Rocky Dippel,

Response No. 6:

like a cathodic protection problem. Major pipelines use this method to keep their pipelines from disappearing prematurely. I know that there must be some corrosion analysts in your area. I would contact them. Also, see if other water utilities in the immediate area are using cathodic protection. Your problem could be one of induction. Good luck! Corrosion problems are never easily solved.

Dale Kessler

Response No. 7:

It could be a weird case of electrolytic action, either due to the already stated potential differences causing highly rapid oxidation, or perhaps the bolts are of a dissimilar metal or alloy relative to the hydrant body. This alone would create metal destruction. The services of a competent metallurgical lab are required for this one.

Allan Soifer,

Response No. 8:

Disregarding bonding jumpers should not be done. One thing you might try would be to get a special alloy bolt that will not deteriorate by electrolysis, one that is the same strength as the steel bolt.

Charlie POPPE,

Response No. 9:

My name is Ed Chavern and I teach a seminar that covers this topic. With the correct meter, which costs about $100, the current and the source of the problem can be detected. Don't disconnect any jumpers. This is a problem that is not too difficult to correct.

Ed Chavern,

Response No. 10:

I believe the problem is something else; however, one way to test if there is voltage potential on the hydrants is to drive an independent ground rod (a short one) about 18 inches into the soil 3 to 5 feet away. Then take a voltmeter and read AC and DC voltages from the hydrant to the independent 'rod'. If more than a couple of volts are measured, then some electric circuit is not returning the current back to its source. This can be a bad connection or an open circuit. Investigation must take place by the Utility and/or nearby electric users. If higher voltages are detected, then underground corrosion is a strong possibility and can be very dangerous. The problem can be cathodic or anodic. Any metal part touching the earth will deteriorate where the current "gets off."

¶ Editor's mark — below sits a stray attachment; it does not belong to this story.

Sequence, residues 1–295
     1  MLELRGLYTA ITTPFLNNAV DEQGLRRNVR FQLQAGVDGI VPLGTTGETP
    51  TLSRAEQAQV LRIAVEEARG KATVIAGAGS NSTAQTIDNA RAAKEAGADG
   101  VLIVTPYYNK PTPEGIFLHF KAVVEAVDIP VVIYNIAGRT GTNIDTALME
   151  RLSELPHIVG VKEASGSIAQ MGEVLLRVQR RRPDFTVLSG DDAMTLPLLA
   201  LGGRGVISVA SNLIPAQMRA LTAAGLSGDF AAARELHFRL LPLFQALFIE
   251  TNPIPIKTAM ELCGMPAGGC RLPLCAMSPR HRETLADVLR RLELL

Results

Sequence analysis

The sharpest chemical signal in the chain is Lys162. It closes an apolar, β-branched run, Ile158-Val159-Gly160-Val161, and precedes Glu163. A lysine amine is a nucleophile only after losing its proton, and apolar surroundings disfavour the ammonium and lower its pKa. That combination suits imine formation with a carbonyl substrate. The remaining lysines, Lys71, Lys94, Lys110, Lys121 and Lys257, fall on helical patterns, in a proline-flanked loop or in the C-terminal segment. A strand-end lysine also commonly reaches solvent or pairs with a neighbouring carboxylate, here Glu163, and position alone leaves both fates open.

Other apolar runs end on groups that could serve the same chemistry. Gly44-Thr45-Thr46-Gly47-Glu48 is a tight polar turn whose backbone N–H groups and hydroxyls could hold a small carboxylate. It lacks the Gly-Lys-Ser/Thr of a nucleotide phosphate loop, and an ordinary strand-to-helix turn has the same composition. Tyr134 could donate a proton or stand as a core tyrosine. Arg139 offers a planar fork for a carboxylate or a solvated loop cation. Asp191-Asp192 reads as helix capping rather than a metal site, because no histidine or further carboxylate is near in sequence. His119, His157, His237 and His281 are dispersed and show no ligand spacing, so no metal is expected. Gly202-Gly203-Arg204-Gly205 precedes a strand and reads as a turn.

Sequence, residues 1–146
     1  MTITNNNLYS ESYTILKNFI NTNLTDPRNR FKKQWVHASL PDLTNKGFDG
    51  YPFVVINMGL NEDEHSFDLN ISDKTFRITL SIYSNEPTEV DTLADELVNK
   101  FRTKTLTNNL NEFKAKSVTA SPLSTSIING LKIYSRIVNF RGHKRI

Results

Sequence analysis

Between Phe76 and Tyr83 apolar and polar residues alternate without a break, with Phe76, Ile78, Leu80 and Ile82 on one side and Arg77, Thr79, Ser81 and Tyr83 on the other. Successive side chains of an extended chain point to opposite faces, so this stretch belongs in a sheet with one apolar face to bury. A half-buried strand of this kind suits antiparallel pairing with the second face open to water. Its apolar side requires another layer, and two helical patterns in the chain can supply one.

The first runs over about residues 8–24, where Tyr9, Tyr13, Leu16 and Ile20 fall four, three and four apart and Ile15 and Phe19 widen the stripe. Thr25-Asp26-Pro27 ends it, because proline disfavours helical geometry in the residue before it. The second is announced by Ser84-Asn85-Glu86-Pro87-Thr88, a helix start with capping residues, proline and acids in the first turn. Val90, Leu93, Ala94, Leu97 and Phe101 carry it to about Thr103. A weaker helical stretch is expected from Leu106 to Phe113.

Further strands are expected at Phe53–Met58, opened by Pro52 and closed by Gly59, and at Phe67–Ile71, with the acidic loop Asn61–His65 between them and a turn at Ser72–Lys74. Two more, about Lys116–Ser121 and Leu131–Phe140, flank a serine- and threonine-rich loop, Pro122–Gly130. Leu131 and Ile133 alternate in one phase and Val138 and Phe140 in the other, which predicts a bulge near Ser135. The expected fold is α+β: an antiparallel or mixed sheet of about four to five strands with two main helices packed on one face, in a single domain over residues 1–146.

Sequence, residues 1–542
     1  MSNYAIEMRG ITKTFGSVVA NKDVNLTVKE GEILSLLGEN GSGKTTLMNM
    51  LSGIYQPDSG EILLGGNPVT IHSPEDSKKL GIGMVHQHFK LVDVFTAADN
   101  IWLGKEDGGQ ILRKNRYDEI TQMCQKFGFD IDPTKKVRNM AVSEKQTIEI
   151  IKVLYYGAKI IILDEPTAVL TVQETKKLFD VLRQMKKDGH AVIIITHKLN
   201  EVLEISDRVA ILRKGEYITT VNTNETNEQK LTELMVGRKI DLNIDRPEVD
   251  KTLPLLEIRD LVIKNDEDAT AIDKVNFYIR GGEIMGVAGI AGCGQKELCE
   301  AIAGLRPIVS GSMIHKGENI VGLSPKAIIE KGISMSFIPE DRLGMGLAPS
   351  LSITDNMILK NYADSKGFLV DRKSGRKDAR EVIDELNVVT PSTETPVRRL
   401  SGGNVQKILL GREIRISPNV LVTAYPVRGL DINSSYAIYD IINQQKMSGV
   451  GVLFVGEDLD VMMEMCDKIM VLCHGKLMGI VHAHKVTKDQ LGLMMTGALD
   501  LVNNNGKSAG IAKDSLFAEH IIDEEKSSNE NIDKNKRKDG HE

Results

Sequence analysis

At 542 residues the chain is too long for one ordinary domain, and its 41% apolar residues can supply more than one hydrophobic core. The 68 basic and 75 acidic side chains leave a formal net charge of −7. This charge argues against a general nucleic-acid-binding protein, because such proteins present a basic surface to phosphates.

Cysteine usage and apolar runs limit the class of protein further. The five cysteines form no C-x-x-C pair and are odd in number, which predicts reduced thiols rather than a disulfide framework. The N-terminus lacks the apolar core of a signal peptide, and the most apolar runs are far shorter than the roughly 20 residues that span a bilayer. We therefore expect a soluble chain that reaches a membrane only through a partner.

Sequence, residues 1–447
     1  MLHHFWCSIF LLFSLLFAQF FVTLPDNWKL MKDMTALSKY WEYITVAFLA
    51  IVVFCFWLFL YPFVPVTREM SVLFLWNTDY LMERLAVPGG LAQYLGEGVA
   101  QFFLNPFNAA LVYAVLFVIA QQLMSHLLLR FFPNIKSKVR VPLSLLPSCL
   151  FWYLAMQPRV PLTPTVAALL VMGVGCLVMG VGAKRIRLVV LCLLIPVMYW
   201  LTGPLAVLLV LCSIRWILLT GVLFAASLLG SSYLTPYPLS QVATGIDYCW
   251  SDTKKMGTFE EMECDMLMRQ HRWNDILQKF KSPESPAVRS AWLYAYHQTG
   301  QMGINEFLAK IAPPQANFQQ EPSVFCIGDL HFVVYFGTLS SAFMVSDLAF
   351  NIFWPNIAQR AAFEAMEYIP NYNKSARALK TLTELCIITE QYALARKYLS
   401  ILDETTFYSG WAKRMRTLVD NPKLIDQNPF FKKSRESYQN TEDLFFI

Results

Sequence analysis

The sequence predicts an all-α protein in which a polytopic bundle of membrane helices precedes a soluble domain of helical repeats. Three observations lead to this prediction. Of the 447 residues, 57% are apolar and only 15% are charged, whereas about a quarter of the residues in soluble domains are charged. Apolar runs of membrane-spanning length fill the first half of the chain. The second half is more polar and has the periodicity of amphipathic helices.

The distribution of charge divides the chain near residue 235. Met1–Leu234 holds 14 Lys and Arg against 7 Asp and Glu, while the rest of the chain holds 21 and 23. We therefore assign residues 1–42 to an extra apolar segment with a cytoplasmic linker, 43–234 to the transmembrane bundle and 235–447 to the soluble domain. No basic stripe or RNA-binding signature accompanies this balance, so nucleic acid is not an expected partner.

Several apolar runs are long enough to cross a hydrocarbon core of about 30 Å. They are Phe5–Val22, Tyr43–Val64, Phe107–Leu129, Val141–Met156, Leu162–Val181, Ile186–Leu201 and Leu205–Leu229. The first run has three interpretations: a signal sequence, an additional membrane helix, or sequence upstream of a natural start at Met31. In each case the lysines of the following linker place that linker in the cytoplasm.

Ron Nelson,

Response No. 11

I would suggest looking for a source of DC, not AC current. The only source I could think of would be electrified trains. I worked for the Chicago Transit Authority for 10 years. This kind of thing was a common problem in and around rail terminals. If anyone still thinks home ground jumpers could be the problem (I doubt it myself), a piece of plastic pipe should be inserted by the city in new water main hookups OUTSIDE the home, at least 10 feet from the building. This will allow for the grounding properties to remain, while removing the possibility of current flow through the pipe.

It has been my experience that if there is a problem with AC current in a water main, it is the fault of the Power Company, who has loose neutral wires. Green scum (copper from the pipes) can sometimes be seen in washbasins and toilets. Dimming and brightening of lights is also a symptom.

Mark Elkins